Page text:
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Branch Banking and Trust Co. v. Mansfield Barbecue, LLC

United States District Court, N.D. Texas, Dallas Division

October 31, 2019



          Sam A. Lindsay United States District Judge.

         Before the court is Plaintiff Branch Banking and Trust Company's (“Plaintiff” or “BB&T”) Motion for Entry of Default and Default Judgment (Doc. 6), filed March 18, 2019. After careful consideration of the Motion, record, and applicable law, the court grants in part and denies in part Plaintiff's Motion for Entry of Default and Default Judgment (Doc. 6).

         I. Background

         On January 18, 2019, BB&T filed its Original Complaint (Doc. 1) seeking relief against Defendants Mansfield Barbecue, LLC, Jeffery M. Bass, and Heather Bass (collectively, “Defendants”) for their breach of the promissory note and breach of guaranty. Defendants were served with process on January 24, 2019. Accordingly, their time to file an answer or otherwise respond to BB&T's Complaint was February 14, 2019. At the time of this opinion, Defendants have not filed an answer or otherwise appeared in this action. On March 18, 2019, BB&T filed its Motion for Entry of Default and Default Judgment. The clerk entered a default against Defendants the following day.

         II. Legal Standard - Motion for Default Judgment

         A party is entitled to entry of a default by the clerk of the court if the opposing party fails to plead or otherwise defend as required by law. Fed.R.Civ.P. 55(a). Under Rule 55(a), a default must be entered before the court may enter a default judgment. Id.; New York Life Ins. Co. v. Brown, 84 F.3d 137, 141 (5th Cir. 1996). The clerk of court has entered a default against Defendants, and BB&T now requests the court to enter a final default judgment against them.

         To date, Defendants have not responded to or otherwise defended against BB&T's Complaint. By failing to answer or otherwise respond to BB&T's Complaint, Defendants have admitted the well-pleaded allegations of the Complaint and are precluded from contesting the established facts on appeal. See Nishimatsu Constr. Co. v. Houston Nat'l Bank, 515 F.2d 1200, 1206 (5th Cir. 1975). Stated differently, a “defendant is not held to admit facts that are not well-pleaded or to admit conclusions of law.” Wooten v. McDonald Transit Assocs., Inc., 788 F.3d 490, 496 (5th Cir. 2015) (citation omitted). Accordingly, a defendant may not contest the “sufficiency of the evidence” on appeal but “is entitled to contest the sufficiency of the complaint and its allegations to support the judgment.” Id. Additionally, a party “is not entitled to a default judgment as a matter of right, even whe[n] the [opposing party] is technically in default.” Ganther v. Ingle, 75 F.3d 207, 212 (5th Cir. 1996). A district court “has the discretion to decline to enter a default judgment.” Lindsey v. Prive Corp., 161 F.3d 886, 893 (5th Cir. 1998). In determining whether entry of a default judgment is warranted in a particular matter, the court may consider: “whether material issues of fact are at issue, whether there has been substantial prejudice, whether the grounds for default are clearly established, whether the default was caused by a good faith mistake or excusable neglect, the harshness of a default judgment, and whether the court would think itself obliged to set aside the default on the defendant's motion.” Id.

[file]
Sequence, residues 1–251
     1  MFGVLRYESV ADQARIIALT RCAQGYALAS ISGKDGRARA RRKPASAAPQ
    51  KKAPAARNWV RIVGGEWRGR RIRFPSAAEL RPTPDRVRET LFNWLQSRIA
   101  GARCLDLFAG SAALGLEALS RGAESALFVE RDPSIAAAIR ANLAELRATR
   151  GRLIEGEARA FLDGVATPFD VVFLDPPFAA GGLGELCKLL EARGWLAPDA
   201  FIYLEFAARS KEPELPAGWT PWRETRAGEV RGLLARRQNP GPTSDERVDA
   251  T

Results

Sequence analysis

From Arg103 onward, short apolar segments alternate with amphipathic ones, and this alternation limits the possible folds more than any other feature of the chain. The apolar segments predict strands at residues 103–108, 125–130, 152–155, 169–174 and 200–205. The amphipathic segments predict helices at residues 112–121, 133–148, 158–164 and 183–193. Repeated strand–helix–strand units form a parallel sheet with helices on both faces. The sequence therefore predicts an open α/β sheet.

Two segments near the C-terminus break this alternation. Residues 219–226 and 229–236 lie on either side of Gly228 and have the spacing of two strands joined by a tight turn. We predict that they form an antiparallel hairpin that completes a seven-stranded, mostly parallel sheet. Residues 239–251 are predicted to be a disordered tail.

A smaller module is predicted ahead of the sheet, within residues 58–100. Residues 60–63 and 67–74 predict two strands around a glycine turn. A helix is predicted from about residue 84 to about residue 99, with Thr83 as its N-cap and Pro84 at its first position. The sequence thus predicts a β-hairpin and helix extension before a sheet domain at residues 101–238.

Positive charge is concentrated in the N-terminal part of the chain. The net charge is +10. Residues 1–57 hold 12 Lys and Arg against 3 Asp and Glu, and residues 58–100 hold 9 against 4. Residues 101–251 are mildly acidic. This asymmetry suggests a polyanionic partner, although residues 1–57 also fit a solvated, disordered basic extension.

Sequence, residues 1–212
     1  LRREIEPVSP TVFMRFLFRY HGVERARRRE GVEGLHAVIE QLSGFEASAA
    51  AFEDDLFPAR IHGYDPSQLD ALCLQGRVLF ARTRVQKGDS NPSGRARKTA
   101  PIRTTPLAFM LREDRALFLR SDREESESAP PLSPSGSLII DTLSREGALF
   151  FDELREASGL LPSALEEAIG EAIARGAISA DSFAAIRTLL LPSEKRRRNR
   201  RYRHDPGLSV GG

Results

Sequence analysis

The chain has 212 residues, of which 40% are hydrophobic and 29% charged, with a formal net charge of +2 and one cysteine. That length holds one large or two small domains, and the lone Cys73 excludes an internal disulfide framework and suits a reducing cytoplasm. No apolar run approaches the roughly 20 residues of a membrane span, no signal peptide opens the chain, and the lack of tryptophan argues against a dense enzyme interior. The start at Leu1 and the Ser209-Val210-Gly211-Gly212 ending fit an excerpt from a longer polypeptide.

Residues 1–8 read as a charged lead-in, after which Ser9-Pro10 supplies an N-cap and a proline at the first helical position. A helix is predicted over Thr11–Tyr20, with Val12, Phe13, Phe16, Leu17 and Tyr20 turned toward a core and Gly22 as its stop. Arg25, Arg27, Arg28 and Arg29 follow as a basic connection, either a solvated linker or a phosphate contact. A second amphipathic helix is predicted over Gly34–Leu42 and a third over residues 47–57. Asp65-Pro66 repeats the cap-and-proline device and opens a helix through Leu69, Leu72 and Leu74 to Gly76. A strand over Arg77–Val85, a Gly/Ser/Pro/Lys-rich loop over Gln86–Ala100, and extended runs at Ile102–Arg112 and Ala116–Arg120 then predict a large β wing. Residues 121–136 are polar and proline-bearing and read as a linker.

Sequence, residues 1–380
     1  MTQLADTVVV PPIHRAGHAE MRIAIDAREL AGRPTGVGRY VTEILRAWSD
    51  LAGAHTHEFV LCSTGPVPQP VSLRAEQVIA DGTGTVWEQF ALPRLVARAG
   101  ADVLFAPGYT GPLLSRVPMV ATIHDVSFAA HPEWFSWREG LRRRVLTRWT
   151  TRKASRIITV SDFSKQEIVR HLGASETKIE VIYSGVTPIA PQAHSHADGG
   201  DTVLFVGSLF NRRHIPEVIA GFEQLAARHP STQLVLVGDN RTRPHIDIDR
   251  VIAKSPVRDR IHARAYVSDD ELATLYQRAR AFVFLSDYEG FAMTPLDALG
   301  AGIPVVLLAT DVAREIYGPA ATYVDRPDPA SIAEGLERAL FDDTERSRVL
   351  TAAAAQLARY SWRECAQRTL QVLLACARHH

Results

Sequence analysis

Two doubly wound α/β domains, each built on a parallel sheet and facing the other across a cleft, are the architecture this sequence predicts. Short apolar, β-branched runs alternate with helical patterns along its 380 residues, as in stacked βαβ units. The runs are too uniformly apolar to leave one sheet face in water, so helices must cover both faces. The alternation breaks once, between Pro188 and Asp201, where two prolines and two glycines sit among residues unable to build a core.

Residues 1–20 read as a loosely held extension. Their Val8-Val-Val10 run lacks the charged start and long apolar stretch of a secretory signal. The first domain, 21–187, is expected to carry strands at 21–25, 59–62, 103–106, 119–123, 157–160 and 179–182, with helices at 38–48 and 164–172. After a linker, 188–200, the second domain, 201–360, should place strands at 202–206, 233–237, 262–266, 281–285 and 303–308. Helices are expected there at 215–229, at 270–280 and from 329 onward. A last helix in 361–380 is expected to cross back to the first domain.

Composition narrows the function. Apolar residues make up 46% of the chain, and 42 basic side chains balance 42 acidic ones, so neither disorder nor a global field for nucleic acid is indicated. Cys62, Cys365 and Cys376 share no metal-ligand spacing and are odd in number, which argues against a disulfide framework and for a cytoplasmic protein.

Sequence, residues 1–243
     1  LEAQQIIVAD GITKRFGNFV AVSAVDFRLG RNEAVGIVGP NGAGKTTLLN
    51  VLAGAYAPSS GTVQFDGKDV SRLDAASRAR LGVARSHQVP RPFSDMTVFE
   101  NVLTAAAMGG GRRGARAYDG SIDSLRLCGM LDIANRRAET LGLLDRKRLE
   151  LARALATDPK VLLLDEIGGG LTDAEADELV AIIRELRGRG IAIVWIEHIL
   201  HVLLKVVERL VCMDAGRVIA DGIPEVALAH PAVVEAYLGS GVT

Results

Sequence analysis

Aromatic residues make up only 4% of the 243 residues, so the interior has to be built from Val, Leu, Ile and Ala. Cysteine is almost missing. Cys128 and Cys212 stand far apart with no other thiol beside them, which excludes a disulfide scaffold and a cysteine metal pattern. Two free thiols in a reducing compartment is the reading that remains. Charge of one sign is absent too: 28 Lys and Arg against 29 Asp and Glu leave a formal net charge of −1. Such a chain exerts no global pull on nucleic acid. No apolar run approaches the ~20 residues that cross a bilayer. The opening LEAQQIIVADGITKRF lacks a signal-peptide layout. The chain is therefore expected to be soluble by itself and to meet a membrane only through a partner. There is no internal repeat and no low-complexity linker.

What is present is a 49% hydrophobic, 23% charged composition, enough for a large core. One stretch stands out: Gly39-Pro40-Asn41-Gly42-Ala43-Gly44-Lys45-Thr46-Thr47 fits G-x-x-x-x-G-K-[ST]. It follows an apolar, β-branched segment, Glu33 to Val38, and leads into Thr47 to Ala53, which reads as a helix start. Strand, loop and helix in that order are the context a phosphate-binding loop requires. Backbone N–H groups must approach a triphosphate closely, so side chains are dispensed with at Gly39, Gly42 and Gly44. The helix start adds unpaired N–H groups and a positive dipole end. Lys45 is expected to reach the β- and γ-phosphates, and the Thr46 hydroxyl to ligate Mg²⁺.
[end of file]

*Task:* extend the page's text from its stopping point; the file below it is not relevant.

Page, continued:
III. Analysis

         In its Complaint, BB&T asserts that it and Mansfield Barbecue, LLC (“Borrower”) entered into a business loan, evidenced in part by a promissory note (“Note”) for a principal amount of $320, 000. Jeffery M. Bass and Heather Bass (“Guarantors”) executed guaranty agreements (“Guaranties”) in connection with the Note. The Note provides as follows:

The failure to pay any part of the principal or interest when due on this Note . . . shall be a material default hereunder and this Note and other debts due the bank by any one or more of undersigned shall immediately become due and payable at the option of the Bank without notice or demand of any kind, which is hereby waived.

Doc. 1-1, at 2. The Guaranties cover “all indebtedness, obligations[, ] and liability to [the] bank” undertaken on behalf of the Borrower. Doc. 1-2 & 1-3.

         BB&T contends that Borrower breached its duties under the Note by failing to make payments since August 2018. Accordingly, it asserts that Borrower's failure to make the required payments triggered the obligations of the Guarantors. On November 9, 2018, BB&T accelerated the debt under the Note, and in a December 12, 2018 letter sent to all defendants, it demanded payment. Despite the notice and demand, Defendants have failed to cure their defaults.

         BB&T's breach of promissory note and breach of guaranty claims are essentially breach of contract claims. To prevail on a breach of contract claim, BB&T must prove the following elements: “(1) the existence of a valid contract; (2) performance or tendered performance by the plaintiff; (3) breach of the contract by the defendant; and (4) damages sustained by the plaintiff as a result of the breach.” Certain Underwriters at Lloyd's of London v. Lowen Valley View, L.L.C., 892 F.3d 167, 170 (5th Cir. 2018) (internal quotations and citations omitted). The court determines that BB&T has sufficiently pleaded each of the elements of its claims. Additionally, as Defendants have failed to file an answer in this action or otherwise appear, they have accepted these well-pleaded allegations as true. Accordingly, the court concludes that Defendants have breached the Note and Guaranties. The court, therefore, grants BB&T's Motion as it relates to BB&T's request for default judgment against Defendants.

         IV. ...

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